Please include this information with each submission:
Name, Mailing Address, Phone Number, Email address
If submitting electronically, use the appropriate fields when you upload your file on Submittable, but avoid including your name or contact information anywhere within the file itself. If submitting by mail, only include your name and contact information in the cover letter, not above the poems. We ignore the poet’s name while reading submissions to be as fair as possible, and this makes it easier.
In addition, please send a short contributor note for the author. Your note should tell us who you are and why you love poetry. Our notes section is something that makes issues of Rattle unique, and many say it’s as fun to read as the poetry itself. Contributor notes should be in the first person, and follow the format of this sample:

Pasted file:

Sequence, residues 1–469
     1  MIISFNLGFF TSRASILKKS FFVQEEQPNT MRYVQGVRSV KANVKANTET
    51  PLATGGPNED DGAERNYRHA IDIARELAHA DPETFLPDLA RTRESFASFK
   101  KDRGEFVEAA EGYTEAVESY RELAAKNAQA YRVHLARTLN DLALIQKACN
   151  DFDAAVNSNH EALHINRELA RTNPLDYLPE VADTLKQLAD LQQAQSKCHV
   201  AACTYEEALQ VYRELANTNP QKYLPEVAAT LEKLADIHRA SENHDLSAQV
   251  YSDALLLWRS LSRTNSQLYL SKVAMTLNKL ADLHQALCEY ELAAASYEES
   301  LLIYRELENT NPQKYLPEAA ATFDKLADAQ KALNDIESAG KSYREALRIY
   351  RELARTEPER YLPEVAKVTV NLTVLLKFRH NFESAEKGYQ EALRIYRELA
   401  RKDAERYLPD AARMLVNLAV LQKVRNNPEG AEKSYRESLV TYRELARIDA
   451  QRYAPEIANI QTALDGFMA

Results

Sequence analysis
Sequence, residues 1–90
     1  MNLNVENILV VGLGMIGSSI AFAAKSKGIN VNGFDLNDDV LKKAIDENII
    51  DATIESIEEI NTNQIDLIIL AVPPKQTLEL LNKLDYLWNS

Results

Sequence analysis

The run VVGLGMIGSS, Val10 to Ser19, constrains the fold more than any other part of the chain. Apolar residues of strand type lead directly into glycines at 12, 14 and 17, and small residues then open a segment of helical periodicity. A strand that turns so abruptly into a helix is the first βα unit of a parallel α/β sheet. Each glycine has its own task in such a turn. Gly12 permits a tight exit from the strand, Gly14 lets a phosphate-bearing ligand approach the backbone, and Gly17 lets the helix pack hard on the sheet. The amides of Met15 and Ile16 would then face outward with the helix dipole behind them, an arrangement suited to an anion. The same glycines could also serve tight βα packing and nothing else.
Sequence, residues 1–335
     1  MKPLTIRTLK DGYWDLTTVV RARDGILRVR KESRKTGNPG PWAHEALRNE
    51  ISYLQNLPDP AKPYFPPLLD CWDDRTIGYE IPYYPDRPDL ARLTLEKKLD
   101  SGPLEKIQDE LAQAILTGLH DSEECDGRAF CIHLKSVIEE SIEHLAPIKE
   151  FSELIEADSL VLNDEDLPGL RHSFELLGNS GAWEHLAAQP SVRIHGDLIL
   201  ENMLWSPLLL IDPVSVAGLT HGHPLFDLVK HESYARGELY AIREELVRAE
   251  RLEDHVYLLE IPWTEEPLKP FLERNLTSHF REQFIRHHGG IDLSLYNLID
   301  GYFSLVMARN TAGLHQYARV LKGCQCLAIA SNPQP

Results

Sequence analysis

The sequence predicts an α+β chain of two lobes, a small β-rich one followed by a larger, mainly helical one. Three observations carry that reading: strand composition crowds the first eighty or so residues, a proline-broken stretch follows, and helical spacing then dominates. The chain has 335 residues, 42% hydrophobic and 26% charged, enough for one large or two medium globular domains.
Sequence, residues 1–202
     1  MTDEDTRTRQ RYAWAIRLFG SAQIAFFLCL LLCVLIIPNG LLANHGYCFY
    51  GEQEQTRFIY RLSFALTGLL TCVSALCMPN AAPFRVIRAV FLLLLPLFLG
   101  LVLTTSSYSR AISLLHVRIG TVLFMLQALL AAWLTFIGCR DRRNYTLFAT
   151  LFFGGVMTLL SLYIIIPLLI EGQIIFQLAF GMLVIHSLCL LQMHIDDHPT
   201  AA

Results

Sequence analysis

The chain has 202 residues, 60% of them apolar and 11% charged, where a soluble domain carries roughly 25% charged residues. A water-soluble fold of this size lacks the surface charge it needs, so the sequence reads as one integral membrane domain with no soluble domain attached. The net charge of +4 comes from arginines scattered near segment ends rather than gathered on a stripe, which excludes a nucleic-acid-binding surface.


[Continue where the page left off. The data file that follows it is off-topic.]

Erik Campbell: “One afternoon in the summer of 1994 I was driving to work and I heard Garrison Keillor read Stephen Dunn’s poem ‘Tenderness’ on The Writer’s Almanac. After he finished the poem I pulled my car over and sat for some time. I had to. That is why I write poems. I want to make somebody else late for work.” (email address, web address, or Twitter handle goes here at the end if you’d like it included)
Notes in this form are only needed upon acceptance—it doesn’t have to be included with each submission, though we would enjoy it.
Payment for print publication (from us to you in exchange for your work) is $200 and a complimentary one-year subscription to the magazine, including the issue in which your work appears. Contributors also may pre-order additional copies of their issue at our cost to produce. Payment for online-only work is $100.
Rights & Rules
All rights revert to the authors upon publication. To get technical, we require First Rights, meaning we want to be the first publisher to present the poems to the public. This means that we won’t consider poems that have been published in books, magazines, or newspapers, in print or online. We will, however, consider poems that have only been self-published to blogs, message boards, or social media accounts.